If Paying For Beer Was Like Paying Taxes...
The Tax System, Explained in Beer! By Johnston Grocke
A complex Tax system made simple, by explaining it in a way that everyone understands! Author Unknown. Video copyright to Johnston Grocke
Most of us just completed our tax returns for 2017 tax year, and I'm sure that we are all relieved that it's over (especially all you accountants out there!). Paying taxes is never a pleasant experience. Who likes sending their money out the door like that? I can assure you that I certainly don't!
As unpleasant as it is to send a fairly substantial portion of my earnings out to Uncle Sam and the Commonwealth of Virginia, it could be worse for me. I could be making a lot more money and have an exorbitantly high tax rate (albeit, now on that's somewhat lower thanks to 2017's tax reform). Or I could live in Australia, with their much higher tax rates.
One financial services company over in Australia made this short video analogizing what buying beer would be like if it were handled the same way that taxes are handled. Just imagine if 10 men go to a bar each week and get a beer. How would the bill be broken down?
The first four, the poorest, would pay nothing, the fifth would pay $1, the sixth $3, the seventh $7, the eighth $12, the ninth $18, and the tenth, the richest, would pay $59.
The question that comes to my mind is how is that kind of breakdown fair? The first four are getting a free ride but are not paying their own way at all. Simply putting the burden on those with higher earnings is unfair because their success is being punished as their earnings increase.
What happens with a tax rate cut? Well, the fifth man now pays nothing, the sixth only pays $2, the seventh $5, the eighth $8, the ninth $14, and the tenth $49. Each of them is better off than before, but if we've learned anything about tax cuts over the past several months, it's that any benefits for those higher in earnings can breed jealously by those at the bottom.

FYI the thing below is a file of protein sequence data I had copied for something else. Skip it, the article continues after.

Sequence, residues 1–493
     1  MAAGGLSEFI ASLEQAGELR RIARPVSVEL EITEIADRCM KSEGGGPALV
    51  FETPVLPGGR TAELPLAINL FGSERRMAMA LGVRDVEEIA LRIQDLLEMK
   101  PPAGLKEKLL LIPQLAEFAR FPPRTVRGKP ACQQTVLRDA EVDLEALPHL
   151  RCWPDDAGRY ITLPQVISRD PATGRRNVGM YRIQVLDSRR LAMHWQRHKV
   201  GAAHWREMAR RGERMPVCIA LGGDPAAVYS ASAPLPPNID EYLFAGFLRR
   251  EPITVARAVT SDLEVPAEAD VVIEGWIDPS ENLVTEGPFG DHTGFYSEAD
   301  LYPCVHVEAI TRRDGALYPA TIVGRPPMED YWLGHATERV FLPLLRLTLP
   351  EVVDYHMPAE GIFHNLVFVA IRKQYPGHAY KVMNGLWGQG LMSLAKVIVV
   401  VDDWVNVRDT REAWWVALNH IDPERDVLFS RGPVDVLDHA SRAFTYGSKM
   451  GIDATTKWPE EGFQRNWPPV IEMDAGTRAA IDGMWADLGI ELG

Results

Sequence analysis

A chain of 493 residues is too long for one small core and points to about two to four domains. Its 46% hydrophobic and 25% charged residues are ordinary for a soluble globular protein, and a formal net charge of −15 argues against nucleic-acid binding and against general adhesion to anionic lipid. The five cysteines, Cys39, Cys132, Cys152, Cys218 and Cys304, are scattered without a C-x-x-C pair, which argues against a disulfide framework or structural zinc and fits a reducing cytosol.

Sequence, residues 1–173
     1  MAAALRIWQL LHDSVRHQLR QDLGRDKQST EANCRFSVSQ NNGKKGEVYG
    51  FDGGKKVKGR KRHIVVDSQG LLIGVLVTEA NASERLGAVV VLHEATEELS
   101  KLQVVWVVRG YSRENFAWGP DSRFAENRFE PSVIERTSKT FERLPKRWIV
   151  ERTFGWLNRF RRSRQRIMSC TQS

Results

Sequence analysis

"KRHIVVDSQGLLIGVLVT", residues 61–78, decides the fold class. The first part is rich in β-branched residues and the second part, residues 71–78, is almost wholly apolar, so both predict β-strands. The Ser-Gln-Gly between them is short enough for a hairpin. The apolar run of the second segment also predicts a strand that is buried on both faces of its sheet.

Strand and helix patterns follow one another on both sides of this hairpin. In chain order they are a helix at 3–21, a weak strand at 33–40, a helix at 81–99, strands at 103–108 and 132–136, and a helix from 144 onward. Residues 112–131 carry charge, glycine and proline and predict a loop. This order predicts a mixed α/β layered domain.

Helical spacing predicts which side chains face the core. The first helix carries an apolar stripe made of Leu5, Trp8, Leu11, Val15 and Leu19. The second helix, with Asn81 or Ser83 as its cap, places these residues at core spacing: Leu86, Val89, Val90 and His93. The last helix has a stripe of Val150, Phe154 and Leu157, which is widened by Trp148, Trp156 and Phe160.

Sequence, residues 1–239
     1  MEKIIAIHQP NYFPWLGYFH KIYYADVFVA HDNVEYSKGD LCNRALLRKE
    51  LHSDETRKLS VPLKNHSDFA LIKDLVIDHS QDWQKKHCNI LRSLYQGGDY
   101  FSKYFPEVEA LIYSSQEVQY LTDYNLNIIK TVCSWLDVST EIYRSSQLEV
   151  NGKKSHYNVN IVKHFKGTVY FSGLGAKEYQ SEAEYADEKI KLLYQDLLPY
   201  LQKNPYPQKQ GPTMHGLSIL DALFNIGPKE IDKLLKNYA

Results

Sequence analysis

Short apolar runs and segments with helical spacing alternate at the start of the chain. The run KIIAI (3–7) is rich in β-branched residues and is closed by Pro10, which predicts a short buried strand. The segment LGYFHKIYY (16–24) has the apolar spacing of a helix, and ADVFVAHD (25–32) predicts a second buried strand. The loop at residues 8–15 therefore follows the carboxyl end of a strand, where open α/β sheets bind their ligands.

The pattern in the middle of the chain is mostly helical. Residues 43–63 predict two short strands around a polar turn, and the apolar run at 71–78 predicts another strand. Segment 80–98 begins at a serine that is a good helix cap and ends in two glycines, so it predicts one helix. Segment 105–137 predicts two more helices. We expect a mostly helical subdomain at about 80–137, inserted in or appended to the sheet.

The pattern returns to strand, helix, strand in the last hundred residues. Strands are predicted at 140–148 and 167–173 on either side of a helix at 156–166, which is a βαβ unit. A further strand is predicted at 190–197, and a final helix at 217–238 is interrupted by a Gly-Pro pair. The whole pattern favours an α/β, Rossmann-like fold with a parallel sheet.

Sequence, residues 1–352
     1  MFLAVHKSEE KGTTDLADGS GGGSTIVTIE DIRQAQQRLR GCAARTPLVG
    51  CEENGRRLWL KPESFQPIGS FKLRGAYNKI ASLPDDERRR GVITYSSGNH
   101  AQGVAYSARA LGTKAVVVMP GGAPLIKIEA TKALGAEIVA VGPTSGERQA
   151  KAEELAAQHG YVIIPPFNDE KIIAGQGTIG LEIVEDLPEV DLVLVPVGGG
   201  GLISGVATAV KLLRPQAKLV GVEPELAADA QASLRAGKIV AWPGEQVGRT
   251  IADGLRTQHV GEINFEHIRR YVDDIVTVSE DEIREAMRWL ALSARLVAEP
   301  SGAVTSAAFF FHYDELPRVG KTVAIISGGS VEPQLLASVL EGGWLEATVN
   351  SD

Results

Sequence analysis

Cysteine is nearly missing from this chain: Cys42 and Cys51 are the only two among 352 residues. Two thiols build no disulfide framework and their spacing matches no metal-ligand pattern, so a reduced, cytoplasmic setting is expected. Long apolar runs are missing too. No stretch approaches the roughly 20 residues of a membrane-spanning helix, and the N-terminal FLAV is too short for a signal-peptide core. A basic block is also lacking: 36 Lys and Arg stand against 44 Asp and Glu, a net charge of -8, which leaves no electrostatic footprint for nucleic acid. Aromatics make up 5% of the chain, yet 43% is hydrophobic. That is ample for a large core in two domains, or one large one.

When the richest man has had enough of the envy and hatred being spewed his way, he may choose to go to another place with his money, somewhere more friendly.
This kind of thing is why I think a flat tax rate system would actually be the fairest. If each household paid the same percentage, no matter what they make, that's definitionally equal treatment. The one who's making $20,000 a year, and the one making $20 million a year ought to have a similar rate so that there is not a disincentive for the $20,000 a year person to increase their earnings, and so that the one with $20 million a year can actually keep that which someone has agreed to pay him/her.
One of the biggest problems with a progressive tax rate system is that it actually hurts the poor and middle class the most. In Friedrich von Hayek's 1960 book The Constitution of Liberty, he looked at England's progressive tax rates and found that the majority of the burden fell on the middle class and hurt them the most.
The answer is not to raise taxes on the rich, but to create a tax system where people at the bottom are not burdened with excessive tax rates, but also where those on the up and up are not punished for their success. The best way to do that is with a flat tax rate, in my opinion. Everyone pays a share, and the tax system is not so easily used as a political football.